Aug 4, 2023Liked by Richard Y Chappell

As far as I can tell, pretty much the same objections you discuss could be raised against animal causes. Yet I hardly ever see these objections being raised. I don't recall, for instance, David Thorstad pointing to the millions Open Philanthropy spends on corporate animal welfare campaigns as "the price of EAA". I think such an objection would be pretty weak, and that's also why I don't think much of the analogous objections to longtermism.

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Aug 4, 2023·edited Aug 4, 2023

I think some people see the longtermist concerns and short-term concerns of dire poverty/starvation as two separate areas. A lot of EAs would probably be sympathetic to the idea that future people matter a lot but be hesitant about the AI risk stuff.

One interesting way to connect the two would be to project the cost of saving a life in the near future and then look at the expected return of saving money. If the cost of saving a life remains around $5000 for the next 100 years, then investing might be wise. If we expect a drastic fall in the cost of saving lives in the near future, then taking on debt might be prudent. You could also try to take advantage of a very low cost to save a life during disasters like famines or floods. This might be a more appealing way of discussing longterm concerns because it keeps the unit fixed (lives saved) and doesn't rely on counter-intuitive low probability concerns and high levels of speculation.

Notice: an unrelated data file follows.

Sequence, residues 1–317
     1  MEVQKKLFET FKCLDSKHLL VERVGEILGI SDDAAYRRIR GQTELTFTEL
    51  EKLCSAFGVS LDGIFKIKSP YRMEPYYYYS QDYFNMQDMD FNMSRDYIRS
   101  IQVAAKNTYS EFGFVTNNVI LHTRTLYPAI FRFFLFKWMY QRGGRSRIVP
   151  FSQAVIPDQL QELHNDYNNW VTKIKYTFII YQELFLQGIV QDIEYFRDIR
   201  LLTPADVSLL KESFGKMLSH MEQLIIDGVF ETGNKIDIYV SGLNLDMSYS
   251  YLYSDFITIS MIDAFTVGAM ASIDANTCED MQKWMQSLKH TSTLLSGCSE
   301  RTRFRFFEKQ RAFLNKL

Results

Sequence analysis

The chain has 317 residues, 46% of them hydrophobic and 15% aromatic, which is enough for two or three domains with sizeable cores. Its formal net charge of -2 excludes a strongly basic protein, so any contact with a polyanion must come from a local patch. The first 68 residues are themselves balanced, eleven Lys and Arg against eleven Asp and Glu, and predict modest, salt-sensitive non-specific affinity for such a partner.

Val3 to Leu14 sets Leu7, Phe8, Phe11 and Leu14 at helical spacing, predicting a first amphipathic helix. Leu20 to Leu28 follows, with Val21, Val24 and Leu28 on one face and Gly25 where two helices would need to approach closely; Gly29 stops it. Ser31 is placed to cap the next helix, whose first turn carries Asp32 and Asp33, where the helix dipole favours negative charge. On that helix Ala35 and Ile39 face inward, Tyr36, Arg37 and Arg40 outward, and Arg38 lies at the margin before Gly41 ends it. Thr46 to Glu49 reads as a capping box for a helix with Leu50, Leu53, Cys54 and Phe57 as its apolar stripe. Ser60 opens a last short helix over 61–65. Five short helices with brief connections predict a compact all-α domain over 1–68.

One might argue that saving lives now is beneficial because it means these people have more children later. But those children might also need financial support. Then you get into the tricky area of population ethics.

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One thing I've been thinking about lately is the causes of the dire poverty in developing nations. If we expect the issue to resolve itself through technological advancement or a natural improvement in institutions, then maybe it's better to focus on immediate relief. If there is a plausible way of helping these developing nations to become wealthy, then maybe that would take priority from a cost-benefit perspective.

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